Taking economy, healthcare, and academia into consideration
The upcoming legalization of marijuana has led to somewhat of a divide as to whether or not it is a good thing. I do believe weed is something that may be used responsibly. However, I cannot say that I am completely comfortable with its legalization for recreational use, for reasons I will explain in this piece.
Firstly, I’ll start by discussing what I see as positive aspects of marijuana legalization. Currently, the FDA hasn’t approved the drug’s usage because it hasn’t had enough testing due to its being illegal up to this point, and the long-term effects for users past age 25 have not yet been determined. However, that’s not to say that it couldn’t be approved with further testing after legalization. Some people have already found relief in the drug despite the delay. I’ve even heard friends claim that, through experiencing its calming effects, they were able to study better and perform better in school.
Furthermore, we must acknowledge that the legal buying and selling of cannabis products could provide more jobs and fund public services via taxation. It was projected by the Parliamentary Budget Officer that in Ontario alone, $130 to $180 million in taxes could be collected for social spending. Additionally, until 2024, Nevada could provide a cumulative $1.7 billion to workers in the cannabis industry, according to the RCG Economics and Marijuana Policy Group. Hopefully, following its legalization, the stigma around both weed and its users will fade.
Nonetheless, there are two pressing issues that need to be addressed. Approximately 55 per cent of all fatal vehicular accidents are caused by some form of distraction or impaired state. Regardless of what caused the accident – whether it was weed, texting or alcohol – it is a problem that must be resolved, because it is preventable. Despite this, we are seeing something known to impair drivers – that some think isn’t as bad as alcohol or texting – becoming legalized before we see any real advances in addressing this issue.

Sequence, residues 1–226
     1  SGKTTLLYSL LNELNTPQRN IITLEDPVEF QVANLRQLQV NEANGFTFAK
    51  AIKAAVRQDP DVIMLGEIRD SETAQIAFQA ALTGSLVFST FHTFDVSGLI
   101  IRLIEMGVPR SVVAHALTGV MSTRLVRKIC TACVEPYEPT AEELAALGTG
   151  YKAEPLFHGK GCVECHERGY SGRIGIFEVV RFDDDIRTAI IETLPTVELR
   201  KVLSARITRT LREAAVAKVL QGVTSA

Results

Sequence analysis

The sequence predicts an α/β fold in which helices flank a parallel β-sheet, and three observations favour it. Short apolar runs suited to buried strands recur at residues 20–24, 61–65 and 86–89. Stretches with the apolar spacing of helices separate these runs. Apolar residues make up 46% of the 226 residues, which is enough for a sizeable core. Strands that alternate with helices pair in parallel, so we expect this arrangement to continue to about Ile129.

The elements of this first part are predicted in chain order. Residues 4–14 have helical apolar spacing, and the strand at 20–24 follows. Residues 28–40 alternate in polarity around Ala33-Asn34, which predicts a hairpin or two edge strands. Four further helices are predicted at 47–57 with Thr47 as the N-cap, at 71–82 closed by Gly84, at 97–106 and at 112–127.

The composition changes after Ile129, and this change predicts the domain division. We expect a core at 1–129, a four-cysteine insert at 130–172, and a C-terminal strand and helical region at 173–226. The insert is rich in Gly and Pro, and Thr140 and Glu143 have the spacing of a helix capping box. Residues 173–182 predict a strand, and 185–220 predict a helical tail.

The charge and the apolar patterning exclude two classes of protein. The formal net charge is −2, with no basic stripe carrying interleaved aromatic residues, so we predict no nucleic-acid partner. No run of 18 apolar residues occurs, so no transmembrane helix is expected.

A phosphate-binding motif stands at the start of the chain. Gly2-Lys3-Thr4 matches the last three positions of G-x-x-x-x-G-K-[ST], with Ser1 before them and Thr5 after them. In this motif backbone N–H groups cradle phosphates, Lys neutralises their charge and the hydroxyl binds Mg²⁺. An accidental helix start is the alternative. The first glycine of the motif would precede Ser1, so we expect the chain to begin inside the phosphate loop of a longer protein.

Secondly, I, along with many others, have a history of lung problems and/or sensitivity to anything scented. For myself, any kind of smoke or vapour is generally aggravating to my throat and lungs, even when experienced in the open air. I’ve had many experiences with clouds of smoke blowing in my face or wafting up to my window and stinking my room up for hours. Ironically, we’ve seen so many people, professors especially, advocating for not wearing perfumes or colognes for such reasons, but there is less mention, from what I’ve heard, of smoky scents that don’t really go away quickly. Considering Halifax’s movement to ban public smoking, we could expect to see more forms of regulation in the future for such reasons, which isn’t necessarily a bad thing.
All in all, I think weed legalization has its pros and cons. I think it will do some good economically and socially, but I do think it has to be used responsibly which, in my opinion, isn’t anything unattainable. So long as people agree not to get behind the wheel high and agree to be considerate of others’ needs, I am content. I am neither condoning nor condemning cannabis usage or its users and if my opinion is faulty, take comfort in the fact that I’m just an opinionated student with no actual power.